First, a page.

At the center of the story is Augustus Melmotte, a European-born city financier, whose origins are as mysterious as his business dealings. Trollope describes him as 'something in the city',... See full summary »
Young Pip is expected to become a blacksmith, but, hating the soot and smoke, he secretly dreams of becoming a gentleman. When he meets the mysterious Miss Havisham and her haughty niece Estella, Pip is confident that his dream is to come true.Written by
It seems that these past few years I have been harbouring an illusion. More than one, in fact... And you humoured them. You led me on...
Yes, I let you go on.
Was that kind?
Who am I, for God's sake, that I should be kind?
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Whilst it has not stuck to the text word for word, it has not veered greatly from it. The film covers everything that needs to be covered on the whole, and where it has altered things, I think it has done so for the better. The film still paints and amazing picture of this excellent piece of literary work!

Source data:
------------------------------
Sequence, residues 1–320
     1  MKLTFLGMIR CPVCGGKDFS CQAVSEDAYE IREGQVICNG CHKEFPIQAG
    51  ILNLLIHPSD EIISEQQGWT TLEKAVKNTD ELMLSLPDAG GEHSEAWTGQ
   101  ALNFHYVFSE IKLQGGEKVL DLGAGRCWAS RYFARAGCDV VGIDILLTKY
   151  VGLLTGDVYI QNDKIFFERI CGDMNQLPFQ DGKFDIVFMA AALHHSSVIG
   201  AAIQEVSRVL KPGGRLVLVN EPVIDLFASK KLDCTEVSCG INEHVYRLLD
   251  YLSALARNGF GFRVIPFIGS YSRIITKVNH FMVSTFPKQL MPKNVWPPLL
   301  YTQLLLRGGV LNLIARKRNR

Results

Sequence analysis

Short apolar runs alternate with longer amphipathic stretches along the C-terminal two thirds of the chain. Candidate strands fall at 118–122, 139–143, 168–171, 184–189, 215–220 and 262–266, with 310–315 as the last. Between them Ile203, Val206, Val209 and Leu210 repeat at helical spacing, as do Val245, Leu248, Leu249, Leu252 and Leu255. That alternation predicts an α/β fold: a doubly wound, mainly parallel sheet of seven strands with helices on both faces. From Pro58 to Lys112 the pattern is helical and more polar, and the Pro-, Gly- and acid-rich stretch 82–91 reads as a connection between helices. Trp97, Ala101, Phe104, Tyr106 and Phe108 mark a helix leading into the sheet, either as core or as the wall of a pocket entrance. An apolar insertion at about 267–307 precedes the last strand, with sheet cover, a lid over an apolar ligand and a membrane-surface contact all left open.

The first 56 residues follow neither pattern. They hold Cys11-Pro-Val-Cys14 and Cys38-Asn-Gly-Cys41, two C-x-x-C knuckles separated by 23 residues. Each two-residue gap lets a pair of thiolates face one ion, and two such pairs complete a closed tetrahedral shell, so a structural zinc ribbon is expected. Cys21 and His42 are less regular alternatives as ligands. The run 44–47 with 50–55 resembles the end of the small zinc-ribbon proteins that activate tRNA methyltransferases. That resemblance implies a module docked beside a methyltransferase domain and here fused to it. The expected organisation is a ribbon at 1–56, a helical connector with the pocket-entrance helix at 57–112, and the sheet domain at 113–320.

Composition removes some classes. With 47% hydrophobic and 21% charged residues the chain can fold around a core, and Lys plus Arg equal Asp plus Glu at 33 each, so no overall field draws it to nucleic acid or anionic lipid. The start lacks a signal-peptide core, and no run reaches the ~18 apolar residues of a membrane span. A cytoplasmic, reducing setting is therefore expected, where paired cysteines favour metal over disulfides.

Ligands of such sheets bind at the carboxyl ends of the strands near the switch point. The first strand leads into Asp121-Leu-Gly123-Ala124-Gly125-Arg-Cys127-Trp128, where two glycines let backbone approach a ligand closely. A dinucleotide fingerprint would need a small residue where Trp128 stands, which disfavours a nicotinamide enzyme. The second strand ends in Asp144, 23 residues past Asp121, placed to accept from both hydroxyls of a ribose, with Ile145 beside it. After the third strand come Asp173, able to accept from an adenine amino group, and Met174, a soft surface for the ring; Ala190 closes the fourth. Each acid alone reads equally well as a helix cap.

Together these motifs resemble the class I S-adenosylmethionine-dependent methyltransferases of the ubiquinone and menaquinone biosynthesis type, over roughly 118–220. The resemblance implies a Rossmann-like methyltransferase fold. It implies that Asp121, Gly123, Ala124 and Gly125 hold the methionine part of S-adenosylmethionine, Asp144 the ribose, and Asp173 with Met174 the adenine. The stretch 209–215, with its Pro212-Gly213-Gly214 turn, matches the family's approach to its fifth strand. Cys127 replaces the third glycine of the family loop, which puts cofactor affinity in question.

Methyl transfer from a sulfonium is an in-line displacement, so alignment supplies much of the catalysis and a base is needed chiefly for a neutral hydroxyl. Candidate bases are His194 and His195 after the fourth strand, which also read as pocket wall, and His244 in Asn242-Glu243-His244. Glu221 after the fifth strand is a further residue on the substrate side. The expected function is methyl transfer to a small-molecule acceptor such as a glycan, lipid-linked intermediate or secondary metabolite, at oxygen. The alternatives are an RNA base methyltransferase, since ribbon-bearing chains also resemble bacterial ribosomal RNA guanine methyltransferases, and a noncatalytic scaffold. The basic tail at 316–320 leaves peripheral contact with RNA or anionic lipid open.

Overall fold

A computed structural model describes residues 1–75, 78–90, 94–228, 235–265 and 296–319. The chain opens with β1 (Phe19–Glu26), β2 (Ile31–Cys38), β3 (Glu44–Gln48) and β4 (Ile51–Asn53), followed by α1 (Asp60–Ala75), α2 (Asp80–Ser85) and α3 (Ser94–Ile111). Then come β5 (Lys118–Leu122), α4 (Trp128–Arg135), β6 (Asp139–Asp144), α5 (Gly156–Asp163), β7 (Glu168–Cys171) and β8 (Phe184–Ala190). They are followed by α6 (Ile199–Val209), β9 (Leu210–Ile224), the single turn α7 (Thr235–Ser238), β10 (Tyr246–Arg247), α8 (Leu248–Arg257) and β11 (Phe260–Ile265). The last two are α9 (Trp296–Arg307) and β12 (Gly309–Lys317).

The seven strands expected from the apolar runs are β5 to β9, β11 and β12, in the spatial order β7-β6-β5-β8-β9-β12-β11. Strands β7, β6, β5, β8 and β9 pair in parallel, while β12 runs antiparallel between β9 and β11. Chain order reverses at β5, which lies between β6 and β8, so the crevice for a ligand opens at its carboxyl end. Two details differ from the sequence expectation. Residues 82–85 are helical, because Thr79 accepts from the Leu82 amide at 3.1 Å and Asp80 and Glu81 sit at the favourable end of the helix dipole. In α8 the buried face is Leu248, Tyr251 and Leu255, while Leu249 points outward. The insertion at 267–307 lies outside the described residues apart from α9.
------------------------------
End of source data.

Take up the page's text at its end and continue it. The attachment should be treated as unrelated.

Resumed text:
The casting was simply spectacular, the idea of sexing up Miss Havesham with the delectable Charlotte Rampling was perhaps the most unique and welcomed aspect of this production, which does anything but suffer from it. Waddell, Hill, Gruffudd, and Evans all give stellar performances and carry the film. The score is extremely haunting and so spectacular that I went out and bought the CD (which we were very lucky the BBC released). How Peter Salem has not been snapped up by Hollywood yet I don't know!
The score on top of the direction and production design make this a mouth watering feature that I'd recommend to anyone! The film got me through A-Level English.
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